Friday, December 3, 2010

News and Notes: Afternoon Edition

Above, an excerpt from Kyle Whelliston's book, One Beautiful Season, which devotes two chapters to Cornell's run through the 2010 NCAA Tournament to the Sweet Sixteen and final No. 17 national ranking.
  • Inside SU notes that nearly a dozen local Syracuse area Burmese, Sudanese and Haitian refugees got the chance to experience their first basketball game when they attended the Cornell-SU game on Tuesday night in the Carrier Dome.
  • refers to Cornell's defeat to Seton Hall earlier in the season as a confidence booster for the Pirates.
  • The Down with Goldy blog previews the Big Red at Minnesota and expects a tight game. Goldy writes, "What they [Cornell] do have is Big Red Bear, Here Comes Treble, and all the brilliance of the Nard Dawg on their side. It shouldn't be enough (please god), but I'm afraid they're going to make this more interesting than it should be thanks to crap-tastic [Minnesota] defense on the perimeter."
  • So, Cornell is off to Big 10 country to face Minnesota. Yes, we all remember Cornell knocking off the Big 10's Wisconsin during the Sweet 16 last season. But arguably the more surprising Cornell win over a Big 10 team was on November 11, 2006 when a bunch of young and inexperienced Cornell freshmen, Ryan Wittman and Louis Dale, led the Big Red to a 64-61 win over Northwestern. Wittman finished the game with 18 points in his college debut while Dale chipped in 7. Then-sophomore Adam Gore led all Big Red scorers with 20.
Lou Dale at Northwestern during 2006.


Anonymous said...

I've never remembered the Northwestern game as the emergence of Dale and Wittman.

Instead, that Northwestern game was the end of Adam Gore's career - he was great, but he could've been one of the great ones.

The Cornell Basketball Blog said...

What? Gore had an All Ivy season during 07-08. I think you are referring to Gore's second ACL tear which slowed him down during the 08-09 season.

Anonymous said...

I was at that game, great effort all around, including the seniors defensively and leadership-wise: Big Country with rebounds, Dow, and Ugo was coming off a leg injury that night and did a great job with their big guy.

Original Poster said...

No, I'm talking about the first tear. He puts up 20 points to start his sophomore year, gets injured with 30 seconds left, and that's the only game he plays that season.

His junior year he comes in and has a good season, but its still almost 3 points less per game than his freshman season. So, I'm considering that "the end" as I said, which is bad way to put it.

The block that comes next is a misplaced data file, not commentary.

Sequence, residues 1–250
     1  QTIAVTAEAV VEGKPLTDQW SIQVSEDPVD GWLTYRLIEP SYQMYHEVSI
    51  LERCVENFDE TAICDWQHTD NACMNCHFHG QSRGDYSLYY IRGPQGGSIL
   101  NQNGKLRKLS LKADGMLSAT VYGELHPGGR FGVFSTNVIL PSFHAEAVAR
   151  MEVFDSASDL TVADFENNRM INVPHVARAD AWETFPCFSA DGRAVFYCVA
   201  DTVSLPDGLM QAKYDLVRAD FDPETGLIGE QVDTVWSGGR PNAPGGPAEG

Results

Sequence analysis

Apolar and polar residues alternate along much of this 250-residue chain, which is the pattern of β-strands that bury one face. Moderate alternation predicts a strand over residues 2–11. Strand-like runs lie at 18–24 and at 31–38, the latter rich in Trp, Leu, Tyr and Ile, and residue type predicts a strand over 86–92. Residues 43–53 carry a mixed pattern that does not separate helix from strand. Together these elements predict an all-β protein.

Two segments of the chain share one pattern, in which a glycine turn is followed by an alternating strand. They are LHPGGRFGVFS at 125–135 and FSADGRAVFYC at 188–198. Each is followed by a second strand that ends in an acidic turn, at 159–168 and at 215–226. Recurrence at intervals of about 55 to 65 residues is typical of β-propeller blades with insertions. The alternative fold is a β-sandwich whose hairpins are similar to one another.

I'm not trying to say anything bad about Gore. I'm just saying that game pretty much ended how high he could go, and I think he could've went really high. Great release, great determination, great toughness.

But, stats shouldn't get in the way of the impact he had on the team otherwise, such as being a captain and a fan favorite.

The Cornell Basketball Blog said...

Gore's production dipped during 07-08 because he was suddenly sharing the ball with Wittman, Dale and Foote (as well as Collin Robinson in the 1st semester).

As a frosh during 05-06, Gore was really the only scorer on the team, unless you count Collins and Rourke, neither of which were really great shooters.

Anonymous said...

You can absolutely argue Gore was good when he came back, obviously evident by the all ivy honor. But he definitely wasn't the same, regardless of having to share the ball or not.

Anonymous said...

anon, you're repeating yourself.

the point differential is attributable to (1) 5 less minutes a game (2) playing with other talented scorers

he shot a higher % from the field and had a considerably more favorable A/TO ratio

Anonymous said...

If you're arguing only that, you're basically saying that he played to his potential regardless of the injury.

Having watched him play, he wasn't the same player when he returned. He was noticeably different.

The best he could be was certainly limited by that tear. It's not like he became bad, but he was forced to settle into a new role.

All you have to do is look at that he put up 20 in his first game of sophomore season. He was primed for an amazing year. He gets injured, and now he's a role player, but a good one.

So argue your stats, that's fine. But what I'm saying is that the injury forced him to go from primary asset to role player.

Anonymous said...

Ok, Adam Gore went from the superstar to a role player. There are two possible causes:

1) injury (your argument)
2) new personnel (my argument)


Mo Williams is the superstar on the Cavaliers. If you add Lebron, Wade, Bosh, he suddenly becomes the #4 player.

Dale, Witt, and Foote were all superior offensive players. They were going to assume bigger offensive roles regardless of whether Gore got hurt or not.

I think that Gore's injury may explain a slight dip in his aggregate production. However, I don't think the injury was the cause of his fall to the 4th-option.

Anonymous said...

You're just assuming that means Gore wasn't as good as those guys.

This argument, both yours and mine, is based on personal suppositions without complete fact to back either.

You think Gore was destined to take a back seat because of Wittman et al.

I think Gore took a back seat because of the injury.

Your argument is based on statistictics.

My argument is based on seeing the change in his game play from freshman year to junior year when he returns. Which, I personally believe, is a better basis.

However, it's within your right to disagree. But, I believe that looking at the stats alone does not paint the entire picture.